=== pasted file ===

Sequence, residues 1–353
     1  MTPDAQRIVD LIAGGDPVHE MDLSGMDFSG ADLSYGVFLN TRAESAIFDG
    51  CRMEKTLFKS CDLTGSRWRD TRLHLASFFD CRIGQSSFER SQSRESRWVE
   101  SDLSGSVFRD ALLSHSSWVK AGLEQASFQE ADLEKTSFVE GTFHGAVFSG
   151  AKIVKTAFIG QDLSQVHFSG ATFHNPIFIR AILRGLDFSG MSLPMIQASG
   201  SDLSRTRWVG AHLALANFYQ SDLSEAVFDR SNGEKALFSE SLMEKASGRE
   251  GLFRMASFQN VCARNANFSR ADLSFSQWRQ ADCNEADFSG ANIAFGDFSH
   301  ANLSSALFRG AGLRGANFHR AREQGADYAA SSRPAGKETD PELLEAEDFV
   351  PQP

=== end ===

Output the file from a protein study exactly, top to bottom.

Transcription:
Sequence, residues 1–353
     1  MTPDAQRIVD LIAGGDPVHE MDLSGMDFSG ADLSYGVFLN TRAESAIFDG
    51  CRMEKTLFKS CDLTGSRWRD TRLHLASFFD CRIGQSSFER SQSRESRWVE
   101  SDLSGSVFRD ALLSHSSWVK AGLEQASFQE ADLEKTSFVE GTFHGAVFSG
   151  AKIVKTAFIG QDLSQVHFSG ATFHNPIFIR AILRGLDFSG MSLPMIQASG
   201  SDLSRTRWVG AHLALANFYQ SDLSEAVFDR SNGEKALFSE SLMEKASGRE
   251  GLFRMASFQN VCARNANFSR ADLSFSQWRQ ADCNEADFSG ANIAFGDFSH
   301  ANLSSALFRG AGLRGANFHR AREQGADYAA SSRPAGKETD PELLEAEDFV
   351  PQP